Vehicles are more reliable than ever before. No matter what you hear about new vehicles being more complicated, statistics show that the chance of a breakdown in a modern vehicle is far less likely.
However, that doesn’t mean nothing ever goes wrong with modern vehicles. While the complex electronics supervising almost all of a vehicle’s functions are usually very reliable, if they do go wrong out bush, you’re more likely to be stuck with fewer ways of diagnosing what is wrong than with an older vehicle less reliant on electronics. Thus, the likelihood of making running repairs also dwindles.
Part of the answer to this modern vehicle dilemma is very simple and should be as much a part of the vehicle tool kit as a screwdriver – in fact, it would be a lot more useful than a screwdriver.
We’re talking about the vehicle scan tool.
Scan tools come in a variety of types, but all of them should be able to find and clear fault codes stored in the vehicle’s computer. The key issue is getting the vehicle computer to talk to the scan tool; but not all vehicles do. So, despite legislation to standardise vehicle computer scanning, there are still differences between vehicles.
The reason that not all vehicles can use a scan tool is because of the haphazard way the scanning of vehicle computers developed.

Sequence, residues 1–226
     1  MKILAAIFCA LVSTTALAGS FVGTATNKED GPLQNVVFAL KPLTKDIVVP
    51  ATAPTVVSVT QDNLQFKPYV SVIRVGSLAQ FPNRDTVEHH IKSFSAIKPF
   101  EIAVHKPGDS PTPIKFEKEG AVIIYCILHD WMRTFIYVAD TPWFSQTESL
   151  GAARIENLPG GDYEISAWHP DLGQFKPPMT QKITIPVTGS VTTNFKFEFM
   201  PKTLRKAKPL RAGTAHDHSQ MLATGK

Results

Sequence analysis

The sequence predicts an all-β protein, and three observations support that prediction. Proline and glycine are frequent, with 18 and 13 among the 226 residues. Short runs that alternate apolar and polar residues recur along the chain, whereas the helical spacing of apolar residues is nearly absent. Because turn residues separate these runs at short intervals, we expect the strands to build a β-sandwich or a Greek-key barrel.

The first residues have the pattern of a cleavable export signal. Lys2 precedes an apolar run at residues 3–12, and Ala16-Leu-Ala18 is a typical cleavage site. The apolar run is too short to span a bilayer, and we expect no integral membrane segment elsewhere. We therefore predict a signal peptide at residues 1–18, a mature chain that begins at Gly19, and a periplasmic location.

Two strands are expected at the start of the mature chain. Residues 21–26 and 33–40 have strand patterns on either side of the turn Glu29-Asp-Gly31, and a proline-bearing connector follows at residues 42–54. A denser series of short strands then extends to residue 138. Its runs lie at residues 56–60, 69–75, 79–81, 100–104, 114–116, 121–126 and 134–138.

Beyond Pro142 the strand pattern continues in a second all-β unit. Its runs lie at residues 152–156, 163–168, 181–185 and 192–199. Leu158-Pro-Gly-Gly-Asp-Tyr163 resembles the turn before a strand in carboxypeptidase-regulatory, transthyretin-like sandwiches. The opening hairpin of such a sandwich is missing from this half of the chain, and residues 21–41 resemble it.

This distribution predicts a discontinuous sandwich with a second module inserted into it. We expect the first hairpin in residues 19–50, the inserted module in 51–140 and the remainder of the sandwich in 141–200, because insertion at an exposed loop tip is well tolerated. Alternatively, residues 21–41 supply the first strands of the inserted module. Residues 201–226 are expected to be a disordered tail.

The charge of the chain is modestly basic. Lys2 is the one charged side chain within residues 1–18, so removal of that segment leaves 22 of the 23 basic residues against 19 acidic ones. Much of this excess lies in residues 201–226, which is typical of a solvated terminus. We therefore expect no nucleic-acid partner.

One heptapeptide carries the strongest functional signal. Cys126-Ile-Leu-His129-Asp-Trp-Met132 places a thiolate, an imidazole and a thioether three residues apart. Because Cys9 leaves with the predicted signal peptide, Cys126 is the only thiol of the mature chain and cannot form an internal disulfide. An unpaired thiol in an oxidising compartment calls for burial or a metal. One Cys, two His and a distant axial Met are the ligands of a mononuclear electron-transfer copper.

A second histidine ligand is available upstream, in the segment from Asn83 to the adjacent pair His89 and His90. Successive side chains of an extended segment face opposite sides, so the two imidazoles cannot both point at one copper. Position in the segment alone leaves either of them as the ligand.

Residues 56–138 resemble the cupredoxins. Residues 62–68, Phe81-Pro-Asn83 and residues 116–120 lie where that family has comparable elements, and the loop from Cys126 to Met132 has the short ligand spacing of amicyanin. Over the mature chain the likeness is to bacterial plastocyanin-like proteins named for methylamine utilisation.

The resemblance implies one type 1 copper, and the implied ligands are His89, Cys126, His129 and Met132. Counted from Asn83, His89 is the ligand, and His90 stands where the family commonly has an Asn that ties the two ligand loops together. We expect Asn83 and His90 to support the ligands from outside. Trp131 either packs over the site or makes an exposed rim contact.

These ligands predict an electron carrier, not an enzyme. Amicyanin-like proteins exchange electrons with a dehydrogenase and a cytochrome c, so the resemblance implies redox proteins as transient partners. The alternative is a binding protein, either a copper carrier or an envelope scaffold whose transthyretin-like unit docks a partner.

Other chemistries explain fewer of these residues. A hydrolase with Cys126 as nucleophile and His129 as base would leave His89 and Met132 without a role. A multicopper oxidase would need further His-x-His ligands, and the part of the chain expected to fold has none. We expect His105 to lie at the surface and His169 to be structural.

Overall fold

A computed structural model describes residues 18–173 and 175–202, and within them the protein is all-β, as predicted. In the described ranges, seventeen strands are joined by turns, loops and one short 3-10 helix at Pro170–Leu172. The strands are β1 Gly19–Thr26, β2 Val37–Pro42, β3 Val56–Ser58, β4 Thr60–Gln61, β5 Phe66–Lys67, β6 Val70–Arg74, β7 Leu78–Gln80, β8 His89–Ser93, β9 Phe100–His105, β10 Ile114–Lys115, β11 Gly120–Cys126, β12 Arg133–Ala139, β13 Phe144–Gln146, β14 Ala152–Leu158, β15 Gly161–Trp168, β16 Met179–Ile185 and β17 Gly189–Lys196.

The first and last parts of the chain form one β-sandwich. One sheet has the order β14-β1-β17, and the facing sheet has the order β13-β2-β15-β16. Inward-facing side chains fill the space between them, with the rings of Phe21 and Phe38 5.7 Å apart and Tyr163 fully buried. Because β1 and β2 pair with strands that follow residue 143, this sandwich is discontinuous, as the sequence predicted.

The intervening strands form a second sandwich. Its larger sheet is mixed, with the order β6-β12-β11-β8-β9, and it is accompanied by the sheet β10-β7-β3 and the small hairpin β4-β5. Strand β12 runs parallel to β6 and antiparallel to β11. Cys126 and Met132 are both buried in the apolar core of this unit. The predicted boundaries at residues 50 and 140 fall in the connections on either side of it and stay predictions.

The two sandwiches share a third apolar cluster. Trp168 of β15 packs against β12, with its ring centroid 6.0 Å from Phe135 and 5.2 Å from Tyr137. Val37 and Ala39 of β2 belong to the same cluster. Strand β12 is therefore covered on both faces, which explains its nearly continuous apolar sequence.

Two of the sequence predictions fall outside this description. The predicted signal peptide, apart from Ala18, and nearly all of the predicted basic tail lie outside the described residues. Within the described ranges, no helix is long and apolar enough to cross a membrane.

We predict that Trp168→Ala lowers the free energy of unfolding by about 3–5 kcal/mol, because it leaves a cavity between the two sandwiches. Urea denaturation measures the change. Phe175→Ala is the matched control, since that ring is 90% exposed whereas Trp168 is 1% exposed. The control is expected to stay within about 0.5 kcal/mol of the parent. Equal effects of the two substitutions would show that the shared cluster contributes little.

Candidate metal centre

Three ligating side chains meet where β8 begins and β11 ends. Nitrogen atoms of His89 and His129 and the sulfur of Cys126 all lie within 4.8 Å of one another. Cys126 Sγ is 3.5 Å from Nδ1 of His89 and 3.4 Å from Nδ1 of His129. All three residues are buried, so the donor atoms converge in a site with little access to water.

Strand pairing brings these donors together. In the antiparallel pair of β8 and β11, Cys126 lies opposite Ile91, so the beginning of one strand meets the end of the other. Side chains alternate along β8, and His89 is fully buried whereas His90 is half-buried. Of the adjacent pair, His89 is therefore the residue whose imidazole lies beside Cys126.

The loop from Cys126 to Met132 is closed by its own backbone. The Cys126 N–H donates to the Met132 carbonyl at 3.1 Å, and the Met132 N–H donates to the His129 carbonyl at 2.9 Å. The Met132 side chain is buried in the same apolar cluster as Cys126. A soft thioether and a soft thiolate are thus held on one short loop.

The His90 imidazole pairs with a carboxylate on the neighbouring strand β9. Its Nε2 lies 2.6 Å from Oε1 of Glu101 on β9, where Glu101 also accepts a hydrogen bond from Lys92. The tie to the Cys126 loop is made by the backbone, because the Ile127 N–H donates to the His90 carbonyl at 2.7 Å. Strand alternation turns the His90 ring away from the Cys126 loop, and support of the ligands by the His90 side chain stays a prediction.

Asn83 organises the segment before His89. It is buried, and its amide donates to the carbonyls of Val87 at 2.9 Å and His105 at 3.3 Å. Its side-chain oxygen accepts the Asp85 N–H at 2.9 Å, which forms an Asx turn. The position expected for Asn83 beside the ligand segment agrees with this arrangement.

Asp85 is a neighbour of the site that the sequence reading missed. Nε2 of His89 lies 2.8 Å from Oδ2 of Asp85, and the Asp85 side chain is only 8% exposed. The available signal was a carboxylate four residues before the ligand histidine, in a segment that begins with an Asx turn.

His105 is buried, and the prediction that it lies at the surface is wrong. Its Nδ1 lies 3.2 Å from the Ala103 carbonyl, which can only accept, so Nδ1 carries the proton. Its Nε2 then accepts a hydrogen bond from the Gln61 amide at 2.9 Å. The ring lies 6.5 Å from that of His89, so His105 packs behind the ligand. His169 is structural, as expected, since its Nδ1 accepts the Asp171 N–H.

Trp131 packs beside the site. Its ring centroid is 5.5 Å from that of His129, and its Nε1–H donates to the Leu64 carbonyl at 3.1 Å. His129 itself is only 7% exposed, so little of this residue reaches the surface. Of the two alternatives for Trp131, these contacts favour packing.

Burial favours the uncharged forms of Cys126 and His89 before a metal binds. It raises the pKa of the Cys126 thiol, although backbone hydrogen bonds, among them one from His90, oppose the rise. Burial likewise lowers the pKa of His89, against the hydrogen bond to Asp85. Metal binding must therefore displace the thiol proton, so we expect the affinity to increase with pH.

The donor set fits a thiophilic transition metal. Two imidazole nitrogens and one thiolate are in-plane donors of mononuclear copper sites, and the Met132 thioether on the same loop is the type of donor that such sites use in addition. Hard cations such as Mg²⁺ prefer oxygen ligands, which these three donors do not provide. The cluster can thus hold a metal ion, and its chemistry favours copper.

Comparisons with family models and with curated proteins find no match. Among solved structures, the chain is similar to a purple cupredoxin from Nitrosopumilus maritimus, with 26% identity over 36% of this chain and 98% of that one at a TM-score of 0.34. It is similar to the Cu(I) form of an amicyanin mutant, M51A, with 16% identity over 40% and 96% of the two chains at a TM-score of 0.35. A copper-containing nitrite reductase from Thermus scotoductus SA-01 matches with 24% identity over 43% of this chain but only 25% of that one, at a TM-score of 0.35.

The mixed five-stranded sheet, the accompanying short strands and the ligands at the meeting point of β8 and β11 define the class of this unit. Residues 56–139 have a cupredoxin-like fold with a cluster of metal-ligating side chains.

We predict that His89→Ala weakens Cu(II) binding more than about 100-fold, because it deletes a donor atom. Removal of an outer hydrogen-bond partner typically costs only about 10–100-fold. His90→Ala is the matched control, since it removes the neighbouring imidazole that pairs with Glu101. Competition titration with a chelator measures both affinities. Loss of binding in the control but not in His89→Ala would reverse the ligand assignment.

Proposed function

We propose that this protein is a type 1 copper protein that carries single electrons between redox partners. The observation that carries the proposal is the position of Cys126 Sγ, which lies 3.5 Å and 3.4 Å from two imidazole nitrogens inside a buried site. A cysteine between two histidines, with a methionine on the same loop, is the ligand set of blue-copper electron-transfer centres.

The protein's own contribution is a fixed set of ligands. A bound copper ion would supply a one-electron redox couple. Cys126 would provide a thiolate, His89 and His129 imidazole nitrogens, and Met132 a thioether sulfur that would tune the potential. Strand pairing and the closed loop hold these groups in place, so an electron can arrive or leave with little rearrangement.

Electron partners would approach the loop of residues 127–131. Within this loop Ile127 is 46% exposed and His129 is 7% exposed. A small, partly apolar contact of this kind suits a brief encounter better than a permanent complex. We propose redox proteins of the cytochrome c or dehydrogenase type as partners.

Vehicle manufacturers started to use electronics to manage fuel injection systems from the late 1960s, but it took decades until it was commonplace and before there was any consistency with the way the onboard computer could be accessed.
In the mid-1990s, manufacturers selling vehicles in the USA and Japan were increasingly turning to electronics to help meet increasingly stringent emission requirements, and in 1996 the USA made it a legal requirement that cars used standardised electronic emission control diagnostics. By the early to mid-2000s, Europe and then Australia followed.
This system, known as OBD-II (On Board Diagnostics II) or EOBD (European On Board Diagnostics) followed OBD-I. OBD-I wasn’t entirely successful as it did not have a standardised plug-in point, so there were a variety used.
For example, a GU Patrol pre-2007 won’t work with the common OBD-II code readers, nor will a Land Rover Discovery Td5. While the Land Cruiser TDV8 works with ODBII, many other Toyota models before this do not.
The brain of these electronic systems is a small computer – usually referred to as an Engine Control Unit (ECU) or PCM (Powertrain Control Module) – that runs programs to allow the injection of fuel, ignition timing and so on, according to conditions.
The ECU collects information from various sensors to permit it to run the engine most efficiently. Coolant temperature, air inlet temperature and other information are reported to the ECU via electrical sensors. This allows the ECU to run a richer mixture and higher idle when the engine’s cold, for example, or to adjust the timing when pinging occurs.
The ECU stores fault codes, when components do not run within parameters, to allow technicians to diagnose problems. In cases where the problem may damage the vehicle, the vehicle will revert to limp-home-mode – it will still run, but with reduced power and/or only with set gears working (with automatic transmission). This can be a real problem if you’re off-roading or towing at the time.
OBD-II requires the vehicle to have a standardised D-shaped plug-in point within reach of the driver so as to check the vehicle’s emission controls are functioning properly. Also a warning light (known as a Malfunction Indicator Light or a Check Engine Light) fitted on the dash illuminates when a fault code is stored in the ECU. There are also standardised numbers to describe the fault.